Children who are used as soldiers. At any given time, over 300,000 child soldiers, some as young as eight, are exploited in armed conflicts in more than 30 countries around the world. More than 2 million children are estimated to have died as a direct result of armed conflict over the last decade. At least 6 million children have been seriously injured or permanently disabled. Meanwhile, between 8,000 and 10,000 children continue to be killed or maimed by landmines each year.
Children subjected to violence outside of armed conflict. Violence against children, from mild corporal punishment to various forms of torture, can be found everywhere – from homes and schools to detention centres and places of work. It also occurs in all parts of the world, rich and poor alike. In the United Kingdom, for example, babies under one year of age are four times more likely to be murder victims than any other age group; almost all are killed by their parents. Another form of violence condoned by certain societies is that of female genital mutilation/cutting. An estimated 100 million women and girls alive today have undergone some form of this traditional practice. As a result, they face lifelong health problems, including increased risks of dying or becoming disabled while giving birth.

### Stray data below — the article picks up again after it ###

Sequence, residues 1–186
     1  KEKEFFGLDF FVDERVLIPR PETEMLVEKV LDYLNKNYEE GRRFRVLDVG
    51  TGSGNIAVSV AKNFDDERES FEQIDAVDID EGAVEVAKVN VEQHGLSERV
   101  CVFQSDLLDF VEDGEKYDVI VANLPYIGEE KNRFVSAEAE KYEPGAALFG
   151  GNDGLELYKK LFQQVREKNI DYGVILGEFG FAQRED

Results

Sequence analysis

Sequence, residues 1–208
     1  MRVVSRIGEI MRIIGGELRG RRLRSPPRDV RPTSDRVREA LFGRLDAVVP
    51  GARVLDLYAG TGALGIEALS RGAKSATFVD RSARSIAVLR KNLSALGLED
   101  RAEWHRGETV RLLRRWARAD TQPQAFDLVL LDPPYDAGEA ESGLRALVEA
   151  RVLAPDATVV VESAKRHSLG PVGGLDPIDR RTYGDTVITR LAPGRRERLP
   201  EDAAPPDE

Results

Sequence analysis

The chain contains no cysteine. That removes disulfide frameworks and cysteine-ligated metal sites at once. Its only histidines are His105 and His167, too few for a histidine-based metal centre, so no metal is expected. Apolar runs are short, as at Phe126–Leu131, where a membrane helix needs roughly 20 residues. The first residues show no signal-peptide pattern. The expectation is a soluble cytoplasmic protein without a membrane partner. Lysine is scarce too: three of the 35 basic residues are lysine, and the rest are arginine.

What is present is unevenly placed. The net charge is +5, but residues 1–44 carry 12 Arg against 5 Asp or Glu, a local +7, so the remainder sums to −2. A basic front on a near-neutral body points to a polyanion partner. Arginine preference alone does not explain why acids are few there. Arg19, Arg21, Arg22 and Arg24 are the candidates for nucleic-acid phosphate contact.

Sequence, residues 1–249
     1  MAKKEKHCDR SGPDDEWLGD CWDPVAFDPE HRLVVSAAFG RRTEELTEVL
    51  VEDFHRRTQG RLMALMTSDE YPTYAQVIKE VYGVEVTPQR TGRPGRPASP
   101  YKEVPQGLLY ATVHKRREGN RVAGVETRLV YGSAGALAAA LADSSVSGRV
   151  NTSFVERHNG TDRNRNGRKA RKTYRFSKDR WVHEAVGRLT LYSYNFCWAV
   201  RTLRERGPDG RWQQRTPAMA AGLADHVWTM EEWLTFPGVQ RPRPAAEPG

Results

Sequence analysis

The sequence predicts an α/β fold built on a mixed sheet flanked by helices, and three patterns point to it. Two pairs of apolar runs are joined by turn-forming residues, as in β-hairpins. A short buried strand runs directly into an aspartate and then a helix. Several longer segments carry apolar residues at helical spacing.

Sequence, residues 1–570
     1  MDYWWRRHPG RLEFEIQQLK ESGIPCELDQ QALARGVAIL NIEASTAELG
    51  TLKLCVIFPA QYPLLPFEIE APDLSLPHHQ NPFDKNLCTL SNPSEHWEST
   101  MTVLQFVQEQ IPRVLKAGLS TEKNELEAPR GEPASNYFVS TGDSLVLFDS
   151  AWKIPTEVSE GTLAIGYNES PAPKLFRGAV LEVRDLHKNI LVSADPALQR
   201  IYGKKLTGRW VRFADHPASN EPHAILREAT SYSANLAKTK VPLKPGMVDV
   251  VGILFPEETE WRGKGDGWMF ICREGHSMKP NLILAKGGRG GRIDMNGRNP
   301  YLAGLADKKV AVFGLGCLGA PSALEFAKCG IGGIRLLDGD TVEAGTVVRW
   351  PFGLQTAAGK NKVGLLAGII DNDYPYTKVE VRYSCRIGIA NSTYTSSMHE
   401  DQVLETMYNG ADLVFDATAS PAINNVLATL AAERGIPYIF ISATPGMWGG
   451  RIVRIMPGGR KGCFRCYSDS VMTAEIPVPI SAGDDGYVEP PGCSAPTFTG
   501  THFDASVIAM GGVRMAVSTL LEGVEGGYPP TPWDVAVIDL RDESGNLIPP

Though it has not been singled out, discrimination is also often a factor in the abuse and exploitation of children. And it is deeply rooted in many societies. Out of 120 million to 150 million disabled children in developing countries, only 3 per cent attend school. Another form of discrimination is the deprivation many children face in their right to inheritance. In many countries, those orphaned routinely lose property rights, and in one Asian country, a child born out of wedlock is legally entitled to inherit only half of what a child born from a registered marriage would receive.